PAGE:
The core of the book's call to action is an exhortation to businesses to DO MORE with technology rather than just using it to cut costs and enrich their shareholders. Robots are going to take our jobs, they say. O'Reilly replies, “Only if that’s what we ask them to do! Technology is the solution to human problems, and we won’t run out of work till we run out of problems." Entrepreneurs need to set their sights on how they can use big data, sensors, and AI to create amazing human experiences and the economy of the future, making us all richer in the same way the tools of the first industrial revolution did. Yes, technology can eliminate labor and make things cheaper, but at its best, we use it to do things that were previously unimaginable! What is our poverty of imagination? What are the entrepreneurial leaps that will allow us to use the technology of today to build a better future, not just a more efficient one? Whether technology brings the WTF? of wonder or the WTF? of dismay isn't inevitable. It's up to us!


448 pages, Hardcover

First published October 10, 2017

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Tim O'Reilly

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Profile Image for Frank Calberg.
155 reviews38 followers
April 28, 2020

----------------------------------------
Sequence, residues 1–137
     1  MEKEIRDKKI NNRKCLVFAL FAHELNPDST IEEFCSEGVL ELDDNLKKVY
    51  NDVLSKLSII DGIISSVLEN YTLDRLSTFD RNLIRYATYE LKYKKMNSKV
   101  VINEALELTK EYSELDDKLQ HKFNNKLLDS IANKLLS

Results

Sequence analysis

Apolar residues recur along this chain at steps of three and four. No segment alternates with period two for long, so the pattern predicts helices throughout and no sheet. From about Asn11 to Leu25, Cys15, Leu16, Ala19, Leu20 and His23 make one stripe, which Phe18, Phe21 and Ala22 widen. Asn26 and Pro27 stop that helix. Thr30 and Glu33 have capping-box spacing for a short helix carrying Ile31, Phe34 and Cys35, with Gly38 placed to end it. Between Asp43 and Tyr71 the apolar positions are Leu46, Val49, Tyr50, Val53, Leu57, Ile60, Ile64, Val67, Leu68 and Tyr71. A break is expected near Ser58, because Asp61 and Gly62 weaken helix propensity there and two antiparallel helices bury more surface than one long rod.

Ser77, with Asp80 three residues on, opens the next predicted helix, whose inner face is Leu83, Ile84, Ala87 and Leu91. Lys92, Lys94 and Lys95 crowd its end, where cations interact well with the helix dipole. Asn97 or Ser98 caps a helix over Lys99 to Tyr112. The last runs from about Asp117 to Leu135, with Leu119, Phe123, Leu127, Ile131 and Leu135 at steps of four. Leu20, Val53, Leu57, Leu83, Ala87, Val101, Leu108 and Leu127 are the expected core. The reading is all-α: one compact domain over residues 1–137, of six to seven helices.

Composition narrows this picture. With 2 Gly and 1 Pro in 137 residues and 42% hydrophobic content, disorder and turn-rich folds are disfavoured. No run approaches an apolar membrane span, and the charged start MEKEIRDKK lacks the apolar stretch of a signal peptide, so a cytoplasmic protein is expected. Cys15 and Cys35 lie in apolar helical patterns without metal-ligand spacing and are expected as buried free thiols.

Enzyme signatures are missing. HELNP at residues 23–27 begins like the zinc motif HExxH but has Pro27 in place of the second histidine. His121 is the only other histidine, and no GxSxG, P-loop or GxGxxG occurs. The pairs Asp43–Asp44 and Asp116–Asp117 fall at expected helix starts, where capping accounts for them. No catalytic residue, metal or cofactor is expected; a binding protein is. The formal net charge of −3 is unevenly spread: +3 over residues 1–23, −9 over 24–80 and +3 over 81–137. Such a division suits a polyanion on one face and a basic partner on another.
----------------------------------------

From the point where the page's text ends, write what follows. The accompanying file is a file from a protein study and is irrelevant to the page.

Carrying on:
Reading the book, I found these parts particularly useful:

Tips for developing technology
- Page 9: People, who use sites such as Amazon, Google or Facebook, participate in the development of software. In other words, users help out testing technology and giving feedback.
- Page 36: Quote by Reid Hoffman: In Washington, you assume that every year things cost more and do less. In Silicon Valley, everyone expects products to cost less every year and do more.
- Page 42: The Twitter symbols "@", "retweet" and "hashtags" were created by users and later adopted by Twitter.
- Page 116: A modern organization seeks to have high alignment and high autonomy. Everyone knows what the goal is, and people are empowered to find their own ways of reaching the goal.
- Page 124: Often, when technology is first deployed, it amplifies the worst features of the old way of doing business. Only gradually do individuals and organizations realize, through a cascading network of innovations, how to put new technology to work.
- Page 145: When building digital government services, start with needs - user needs, not government needs. Make it simple and open.
- Page 156, 161 and 163: The fitness function of Google's search quality team has always been relevance. Is this what the searcher wants to find? Choose the fitness function of your algorithm, and they will shape your company.
- Page 297: The open source pioneers of Linux and the Internet has shown us that sharing knowledge beats hoarding knowledge.
- Pages 352 and 355: Work on stuff that matters and focus on creating more value than you capture.
- Page 352: The time you spend thinking about your values will help you do better work.